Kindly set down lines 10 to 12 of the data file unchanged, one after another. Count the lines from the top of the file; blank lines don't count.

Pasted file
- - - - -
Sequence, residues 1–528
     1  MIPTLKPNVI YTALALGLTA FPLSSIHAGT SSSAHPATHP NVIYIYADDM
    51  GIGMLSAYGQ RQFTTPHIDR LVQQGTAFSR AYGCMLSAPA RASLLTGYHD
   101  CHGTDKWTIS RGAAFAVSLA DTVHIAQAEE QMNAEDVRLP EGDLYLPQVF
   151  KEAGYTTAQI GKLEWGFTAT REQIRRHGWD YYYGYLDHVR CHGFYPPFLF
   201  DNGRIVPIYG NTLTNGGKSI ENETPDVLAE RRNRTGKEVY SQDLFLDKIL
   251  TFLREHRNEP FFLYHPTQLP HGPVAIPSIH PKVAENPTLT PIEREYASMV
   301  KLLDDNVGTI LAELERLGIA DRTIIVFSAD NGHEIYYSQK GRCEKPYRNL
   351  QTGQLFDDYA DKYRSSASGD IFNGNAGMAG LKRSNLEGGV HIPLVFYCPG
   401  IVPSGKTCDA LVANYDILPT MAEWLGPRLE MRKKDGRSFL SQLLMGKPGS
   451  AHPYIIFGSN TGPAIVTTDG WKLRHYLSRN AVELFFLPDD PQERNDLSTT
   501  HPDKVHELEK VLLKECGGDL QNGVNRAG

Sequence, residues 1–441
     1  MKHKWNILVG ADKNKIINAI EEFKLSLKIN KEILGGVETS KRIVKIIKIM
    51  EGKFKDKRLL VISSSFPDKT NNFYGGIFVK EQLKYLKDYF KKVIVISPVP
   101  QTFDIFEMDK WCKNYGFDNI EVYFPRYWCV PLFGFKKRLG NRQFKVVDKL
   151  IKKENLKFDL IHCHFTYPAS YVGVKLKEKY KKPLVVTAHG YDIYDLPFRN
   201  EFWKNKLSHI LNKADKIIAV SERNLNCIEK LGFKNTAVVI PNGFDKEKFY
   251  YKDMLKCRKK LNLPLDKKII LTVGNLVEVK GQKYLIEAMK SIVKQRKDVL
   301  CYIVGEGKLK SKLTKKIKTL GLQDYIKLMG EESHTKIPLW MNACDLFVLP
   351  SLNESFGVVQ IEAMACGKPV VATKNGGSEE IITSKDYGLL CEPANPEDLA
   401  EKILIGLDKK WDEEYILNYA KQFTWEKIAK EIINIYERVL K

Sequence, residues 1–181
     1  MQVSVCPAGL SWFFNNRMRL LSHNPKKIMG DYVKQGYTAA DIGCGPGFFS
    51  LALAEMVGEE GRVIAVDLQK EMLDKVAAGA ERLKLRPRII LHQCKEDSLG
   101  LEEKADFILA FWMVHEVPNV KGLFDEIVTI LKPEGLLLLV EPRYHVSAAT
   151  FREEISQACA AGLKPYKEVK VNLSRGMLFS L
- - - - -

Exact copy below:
   401  IVPSGKTCDA LVANYDILPT MAEWLGPRLE MRKKDGRSFL SQLLMGKPGS
   451  AHPYIIFGSN TGPAIVTTDG WKLRHYLSRN AVELFFLPDD PQERNDLSTT
   501  HPDKVHELEK VLLKECGGDL QNGVNRAG